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The divorce resources listed below provide helpful information about a range of important topics, all provided by experts and other knowledgeable individuals. Topics include all things legal and financial, health and body, and more lighthearted content like makeup how-tos, music recommendations, and recipes.

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The Residency Requirement: The plaintiff must be a resident of the state for six months before commencing the action, or for six months before the divorce is made final.

Grounds: No-Fault: Irreconcilably differences. Fault: Adultery; Extreme cruelty, Willful desertion for one year; Willful neglect for one year; Abuse of alcohol and controlled substances for one year; Conviction of a felony.
A word of caution: North Dakota reserves the right to tell you if you can remarry after your divorce.

Property Division: The spouses may present their own division of property to the court. If not, North Dakota is an “equitable distribution” state, which allows the court to divide certain property equitably, i.e., fairly, and other property not at all. Property acquired during the marriage, except for gifts and inheritance, is classified as marital property, and is divided equitably upon divorce. Property acquired before the marriage is not marital property, but it can, nevertheless, be divided upon divorce if “the balancing of the equities between the parties requires it.” And if property acquired before the marriage has appreciated in value, that appreciation may be counted or traded. Property acquired after the separation is separate property and may not be divided (click the following for an expert's overview and key tips on dividing up property and assets through divorce).

Alimony: There is no right to alimony in North Dakota, but a spouse can request it. The court will take into consideration the unique circumstances of the parties, and then decide if alimony should be given, and if so, how much it will be and for what period of time.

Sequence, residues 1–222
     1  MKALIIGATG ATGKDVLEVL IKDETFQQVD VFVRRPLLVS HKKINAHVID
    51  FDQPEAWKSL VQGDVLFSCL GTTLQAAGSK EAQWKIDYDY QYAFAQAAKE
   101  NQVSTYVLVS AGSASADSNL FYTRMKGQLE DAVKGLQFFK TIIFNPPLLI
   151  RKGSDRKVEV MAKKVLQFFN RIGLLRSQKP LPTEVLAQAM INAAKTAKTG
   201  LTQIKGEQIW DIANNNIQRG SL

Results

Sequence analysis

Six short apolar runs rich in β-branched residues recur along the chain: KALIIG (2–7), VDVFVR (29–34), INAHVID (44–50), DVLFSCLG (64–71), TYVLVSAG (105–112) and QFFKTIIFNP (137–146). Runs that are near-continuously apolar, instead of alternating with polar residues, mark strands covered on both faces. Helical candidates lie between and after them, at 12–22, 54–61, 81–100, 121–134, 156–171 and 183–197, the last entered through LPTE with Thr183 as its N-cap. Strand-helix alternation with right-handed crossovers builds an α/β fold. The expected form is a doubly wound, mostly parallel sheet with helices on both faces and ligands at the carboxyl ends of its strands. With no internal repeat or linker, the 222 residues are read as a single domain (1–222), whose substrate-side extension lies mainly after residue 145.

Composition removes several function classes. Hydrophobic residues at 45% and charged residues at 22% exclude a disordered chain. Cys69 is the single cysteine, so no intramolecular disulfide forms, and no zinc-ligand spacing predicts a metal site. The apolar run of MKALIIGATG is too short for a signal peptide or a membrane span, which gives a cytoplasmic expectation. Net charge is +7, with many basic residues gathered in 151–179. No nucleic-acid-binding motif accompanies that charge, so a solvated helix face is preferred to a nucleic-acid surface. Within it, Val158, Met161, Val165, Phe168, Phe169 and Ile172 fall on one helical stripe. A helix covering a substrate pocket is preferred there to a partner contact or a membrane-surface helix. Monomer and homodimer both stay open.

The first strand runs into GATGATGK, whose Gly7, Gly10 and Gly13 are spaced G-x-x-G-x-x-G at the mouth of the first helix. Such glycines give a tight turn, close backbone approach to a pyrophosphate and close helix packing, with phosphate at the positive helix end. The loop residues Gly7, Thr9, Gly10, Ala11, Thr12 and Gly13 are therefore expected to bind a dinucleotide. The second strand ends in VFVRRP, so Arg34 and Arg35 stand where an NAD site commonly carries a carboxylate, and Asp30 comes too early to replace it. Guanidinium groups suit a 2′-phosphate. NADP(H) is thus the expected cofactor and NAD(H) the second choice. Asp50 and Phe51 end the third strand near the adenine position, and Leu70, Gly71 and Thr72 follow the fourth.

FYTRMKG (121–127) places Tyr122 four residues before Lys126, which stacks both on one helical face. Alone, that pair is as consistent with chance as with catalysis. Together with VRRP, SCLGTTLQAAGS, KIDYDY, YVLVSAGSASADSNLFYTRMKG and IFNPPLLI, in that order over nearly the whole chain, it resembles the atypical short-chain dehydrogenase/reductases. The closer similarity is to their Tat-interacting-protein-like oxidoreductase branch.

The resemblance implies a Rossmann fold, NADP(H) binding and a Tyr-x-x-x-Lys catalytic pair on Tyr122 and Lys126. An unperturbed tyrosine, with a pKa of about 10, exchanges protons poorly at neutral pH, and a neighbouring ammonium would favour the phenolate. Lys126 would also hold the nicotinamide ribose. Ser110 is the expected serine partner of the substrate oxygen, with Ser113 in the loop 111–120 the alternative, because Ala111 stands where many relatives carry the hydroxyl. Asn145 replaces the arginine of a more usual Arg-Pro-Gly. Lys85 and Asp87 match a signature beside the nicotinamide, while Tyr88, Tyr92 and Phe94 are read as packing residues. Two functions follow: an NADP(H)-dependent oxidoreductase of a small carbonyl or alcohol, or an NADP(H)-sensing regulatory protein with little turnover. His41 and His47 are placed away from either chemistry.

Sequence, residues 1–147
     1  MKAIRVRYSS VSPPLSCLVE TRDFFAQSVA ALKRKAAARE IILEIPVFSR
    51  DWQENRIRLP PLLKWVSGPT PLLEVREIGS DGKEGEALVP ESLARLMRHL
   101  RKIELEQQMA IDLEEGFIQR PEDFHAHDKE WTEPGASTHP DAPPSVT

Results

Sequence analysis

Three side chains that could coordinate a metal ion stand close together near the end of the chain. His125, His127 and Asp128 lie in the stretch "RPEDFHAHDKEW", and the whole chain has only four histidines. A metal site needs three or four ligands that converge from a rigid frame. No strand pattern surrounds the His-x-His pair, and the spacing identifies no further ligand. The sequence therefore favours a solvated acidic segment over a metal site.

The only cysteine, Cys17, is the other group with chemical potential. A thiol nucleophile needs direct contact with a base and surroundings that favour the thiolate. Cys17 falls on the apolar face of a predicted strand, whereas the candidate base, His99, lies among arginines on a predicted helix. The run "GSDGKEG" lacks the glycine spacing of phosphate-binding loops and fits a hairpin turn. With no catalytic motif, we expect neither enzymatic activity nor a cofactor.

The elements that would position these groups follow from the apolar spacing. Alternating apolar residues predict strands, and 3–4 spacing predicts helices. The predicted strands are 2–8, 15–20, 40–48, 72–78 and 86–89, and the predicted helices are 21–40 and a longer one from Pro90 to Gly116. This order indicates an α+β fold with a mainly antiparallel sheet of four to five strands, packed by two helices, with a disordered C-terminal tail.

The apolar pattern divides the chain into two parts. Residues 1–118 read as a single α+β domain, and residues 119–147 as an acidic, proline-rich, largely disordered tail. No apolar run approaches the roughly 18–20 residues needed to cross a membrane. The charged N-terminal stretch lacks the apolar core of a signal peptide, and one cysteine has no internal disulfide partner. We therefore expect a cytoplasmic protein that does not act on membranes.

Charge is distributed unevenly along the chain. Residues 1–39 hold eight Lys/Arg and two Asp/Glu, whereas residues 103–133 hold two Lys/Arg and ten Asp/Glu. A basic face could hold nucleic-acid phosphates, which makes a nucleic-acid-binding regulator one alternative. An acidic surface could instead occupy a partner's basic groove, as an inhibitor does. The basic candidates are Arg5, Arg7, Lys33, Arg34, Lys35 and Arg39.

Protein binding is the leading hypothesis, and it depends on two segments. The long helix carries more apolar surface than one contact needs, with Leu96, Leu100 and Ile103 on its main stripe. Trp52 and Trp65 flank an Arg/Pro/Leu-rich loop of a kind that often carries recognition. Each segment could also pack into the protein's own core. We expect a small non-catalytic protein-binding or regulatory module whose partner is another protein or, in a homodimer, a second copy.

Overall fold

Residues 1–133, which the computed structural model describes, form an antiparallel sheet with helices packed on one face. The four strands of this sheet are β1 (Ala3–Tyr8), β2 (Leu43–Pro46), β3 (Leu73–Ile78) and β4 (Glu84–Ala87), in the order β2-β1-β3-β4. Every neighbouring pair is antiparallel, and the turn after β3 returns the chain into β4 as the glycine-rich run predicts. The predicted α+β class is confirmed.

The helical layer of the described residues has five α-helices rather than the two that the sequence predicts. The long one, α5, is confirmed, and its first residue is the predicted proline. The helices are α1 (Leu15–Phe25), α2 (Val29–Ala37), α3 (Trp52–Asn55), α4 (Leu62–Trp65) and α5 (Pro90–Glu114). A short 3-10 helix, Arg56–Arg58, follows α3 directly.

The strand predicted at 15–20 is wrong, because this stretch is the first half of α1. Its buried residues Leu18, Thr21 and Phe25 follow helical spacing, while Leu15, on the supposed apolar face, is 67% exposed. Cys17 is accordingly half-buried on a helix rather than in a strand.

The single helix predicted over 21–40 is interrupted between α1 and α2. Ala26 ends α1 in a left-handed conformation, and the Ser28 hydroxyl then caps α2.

Child Custody and Child Support: As usual, custody is based on “the best interests of the child.” North Dakota adds the welfare of the child. Custody may go to either the father or mother. Factors to be considered in deciding custody: the ties between parents and child; the capacity of the parents to give love and guidance; their ability to care for the child; how stable their environments are; the parents’ moral fitness; the mental and physical health of the parents; the child’s school and community record; the child’s preference; any evidence of domestic violence; other people living in the parents’ homes, the behavior and honesty of the parents during divorce proceedings (click the following for an expert's overview and a detailed directory of articles on child custody and child support).

North Dakota child-support guidelines take into consideration extended visitations by the noncustodial parent and joint custody. Otherwise, support is based on the net monthly income of the noncustodial parent (net being the income after specific deductions).

For a net monthly income of:

  • $1,340, support would be $298 for one child; $385 for two children; $452 for three children.
  • $3,300, support for one child would be $620; for two children, $949; for three children, $1,131.
  • $6,600, support for one child would be $1,152; for two children, $1,879; for three children, $2,249.

North Dakota information about divorce, custody and support, can be found at and

In North Dakota, child support usually ends at 18.

Disclaimer: The information supplied above is for "educational purposes only" and is not intended to be used as legal advice.

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  • Comment Link Merry Gleason Wednesday, 11 October 2017 01:44 posted by Merry Gleason

    I'm going to divorce my husband of 15 years. We have no children together. We live on one of my family's farms of 7 acres, which was given to me by my parents as an early inheritance. The title is in my name only. Is he entitled to half of it?